You can compress web contents before sending them to the browser using gzip to save bandwidth usage of the Nginx web server.

I have some JPEG images in the /usr/share/nginx/html/images/ directory.

I can access these images using the URI path /images.

To enable gzip compression for only the JPEG images in the URI path /images, type in the following lines in the server section of /etc/nginx/nginx.conf file.

server {

location /images {
gzip on;
gzip_comp_level 9;
gzip_min_length 100000;
gzip_types image/jpeg;
}

}

Here, gzip_comp_level is used to set the compression level. It can be any number from 1 to 9. The higher the level, the smaller the compressed file will be.

The file will only be compressed if the size of the file is above gzip_min_length. I’ve set it to about 100 KB in this example. So, JPEG files smaller than 100 KB won’t be gzip compressed.

The  gzip_types is used to set the mime type of the files that will be compressed.

You can find mime type from file extensions as follows:

$ grep jpg /etc/nginx/mime.types

As you can see, for .jpg or .jpeg file extension, the mime type is image/jpeg.

You can set one or more mime types using gzip_types option.

If you want to set multiple mime types, then make sure to separate them with spaces as follows:

"
gzip_types image/jpeg image/png image/gif;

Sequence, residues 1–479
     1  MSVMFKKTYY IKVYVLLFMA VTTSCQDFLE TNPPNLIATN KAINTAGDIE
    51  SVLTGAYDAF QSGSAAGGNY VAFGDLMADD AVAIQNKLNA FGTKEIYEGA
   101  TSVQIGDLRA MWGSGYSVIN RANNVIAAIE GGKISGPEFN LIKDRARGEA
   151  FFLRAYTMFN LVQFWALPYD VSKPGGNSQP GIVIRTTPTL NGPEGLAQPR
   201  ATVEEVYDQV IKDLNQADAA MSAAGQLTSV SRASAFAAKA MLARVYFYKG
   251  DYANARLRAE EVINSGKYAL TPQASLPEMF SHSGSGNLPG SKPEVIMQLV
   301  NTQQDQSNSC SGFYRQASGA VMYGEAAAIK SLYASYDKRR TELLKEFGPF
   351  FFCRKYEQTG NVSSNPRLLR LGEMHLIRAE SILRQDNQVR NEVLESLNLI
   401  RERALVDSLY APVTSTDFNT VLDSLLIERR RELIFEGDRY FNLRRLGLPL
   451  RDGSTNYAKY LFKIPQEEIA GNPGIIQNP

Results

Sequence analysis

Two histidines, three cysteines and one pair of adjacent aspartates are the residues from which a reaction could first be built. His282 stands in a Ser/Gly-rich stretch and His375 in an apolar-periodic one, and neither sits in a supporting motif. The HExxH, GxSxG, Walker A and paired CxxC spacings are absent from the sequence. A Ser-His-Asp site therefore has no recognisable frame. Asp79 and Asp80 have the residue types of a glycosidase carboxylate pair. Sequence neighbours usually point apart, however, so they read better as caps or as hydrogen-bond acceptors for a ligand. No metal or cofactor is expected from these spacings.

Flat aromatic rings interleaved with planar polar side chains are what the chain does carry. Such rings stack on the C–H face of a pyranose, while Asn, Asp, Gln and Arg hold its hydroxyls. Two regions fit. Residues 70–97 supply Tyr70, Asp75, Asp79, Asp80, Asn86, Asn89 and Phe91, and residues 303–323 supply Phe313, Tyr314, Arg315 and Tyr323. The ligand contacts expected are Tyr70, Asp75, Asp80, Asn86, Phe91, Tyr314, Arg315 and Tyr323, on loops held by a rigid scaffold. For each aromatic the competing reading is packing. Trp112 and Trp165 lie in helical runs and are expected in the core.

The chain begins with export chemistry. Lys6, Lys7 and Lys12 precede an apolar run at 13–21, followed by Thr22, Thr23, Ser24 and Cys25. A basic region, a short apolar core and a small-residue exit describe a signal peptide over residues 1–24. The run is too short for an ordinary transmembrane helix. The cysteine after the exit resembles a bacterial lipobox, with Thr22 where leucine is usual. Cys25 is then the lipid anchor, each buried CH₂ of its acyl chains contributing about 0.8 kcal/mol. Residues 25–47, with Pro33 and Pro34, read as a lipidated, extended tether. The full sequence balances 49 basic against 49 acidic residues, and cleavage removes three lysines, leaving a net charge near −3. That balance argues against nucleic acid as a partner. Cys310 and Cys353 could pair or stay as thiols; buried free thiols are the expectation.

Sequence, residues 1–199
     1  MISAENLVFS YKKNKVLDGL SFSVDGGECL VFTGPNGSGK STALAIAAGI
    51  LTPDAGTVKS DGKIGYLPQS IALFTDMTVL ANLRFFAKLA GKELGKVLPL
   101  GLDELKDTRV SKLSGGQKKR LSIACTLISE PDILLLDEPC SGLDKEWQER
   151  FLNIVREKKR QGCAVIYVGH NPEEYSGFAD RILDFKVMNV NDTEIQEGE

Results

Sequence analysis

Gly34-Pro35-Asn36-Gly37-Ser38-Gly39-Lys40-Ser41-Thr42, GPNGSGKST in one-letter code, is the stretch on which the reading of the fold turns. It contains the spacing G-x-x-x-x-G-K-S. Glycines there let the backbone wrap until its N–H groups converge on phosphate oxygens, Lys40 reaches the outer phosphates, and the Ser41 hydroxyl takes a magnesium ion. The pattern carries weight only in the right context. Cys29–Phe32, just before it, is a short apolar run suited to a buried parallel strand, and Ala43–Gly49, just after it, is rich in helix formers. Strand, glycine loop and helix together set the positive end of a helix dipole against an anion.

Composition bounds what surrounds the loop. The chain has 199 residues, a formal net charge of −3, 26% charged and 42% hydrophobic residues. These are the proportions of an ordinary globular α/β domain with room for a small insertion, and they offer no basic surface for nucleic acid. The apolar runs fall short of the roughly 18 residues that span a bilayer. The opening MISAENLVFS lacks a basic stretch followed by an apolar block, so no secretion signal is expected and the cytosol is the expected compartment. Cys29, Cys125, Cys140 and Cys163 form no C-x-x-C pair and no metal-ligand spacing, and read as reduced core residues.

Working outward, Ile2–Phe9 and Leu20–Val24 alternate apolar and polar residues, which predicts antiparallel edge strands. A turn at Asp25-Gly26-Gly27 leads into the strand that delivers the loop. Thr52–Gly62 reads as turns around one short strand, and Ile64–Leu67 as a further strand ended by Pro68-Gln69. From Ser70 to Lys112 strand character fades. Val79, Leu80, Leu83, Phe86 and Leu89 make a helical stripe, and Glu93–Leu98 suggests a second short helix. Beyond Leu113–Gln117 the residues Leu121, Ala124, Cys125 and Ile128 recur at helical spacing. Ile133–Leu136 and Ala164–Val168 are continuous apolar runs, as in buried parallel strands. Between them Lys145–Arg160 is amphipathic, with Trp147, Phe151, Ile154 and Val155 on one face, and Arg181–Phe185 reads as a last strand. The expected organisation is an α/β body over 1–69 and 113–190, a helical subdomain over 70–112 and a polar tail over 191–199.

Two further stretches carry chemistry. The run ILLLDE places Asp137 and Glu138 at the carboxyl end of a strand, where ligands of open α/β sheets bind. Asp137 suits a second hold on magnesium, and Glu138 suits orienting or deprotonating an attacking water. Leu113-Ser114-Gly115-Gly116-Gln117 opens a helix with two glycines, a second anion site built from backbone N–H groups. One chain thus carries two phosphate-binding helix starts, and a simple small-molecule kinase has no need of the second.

Now, restart nginx service as follows:

$ sudo systemctl restart nginx

As you can see, Nginx sends gzip compressed image files to the browser when requested.

As you can see in the screenshot below, the gzip compressed file is smaller than the original file.

$ sudo tail -f /var/log/nginx/access.log

Enabling HTTPS:

You can enable SSL in Nginx very easily. In this section, I am going to show you how to set self-signed SSL certificate in Nginx.

First, navigate to the /etc/ssl/ directory as follows:

$ cd /etc/ssl

Now, generate an SSL key server.key and certificate server.crt with the following command:

$ sudo openssl req -x509 -nodes -days 365 -newkey rsa:2048 -keyout
server.key -out server.crt

NOTE: You must have openssl installed for this to work. If openssl command is unavailable, install openssl with the following command:

$ sudo dnf install openssl  -y

Now, type in your 2-letter country code (i.e. US for USA, UK for United Kingdom, RU for Russia, CN for China) and press <Enter>.

Now, type in your State/Province name and press <Enter>.

Now, type in your City name and press <Enter>.

Now, type in your Company name and press <Enter>.

Now, type in the organizational unit name of your company which will use this certificate and press <Enter>.

Now, type in the fully qualified domain name (FQDN) of your Nginx web server and press <Enter>. The SSL certificate will be valid only if the Nginx web server is accessed using this domain name.

Now, type in your email address and press <Enter>.

Your SSL certificate should be ready.

The SSL certificate and key should be generated in the /etc/ssl/ directory.

$ ls -lh

Now, open the Nginx configuration file /etc/nginx/nginx.conf and change listen port to 443 and type in the following lines in the server section.

server {

ssl on;
ssl_certificate /etc/ssl/server.crt;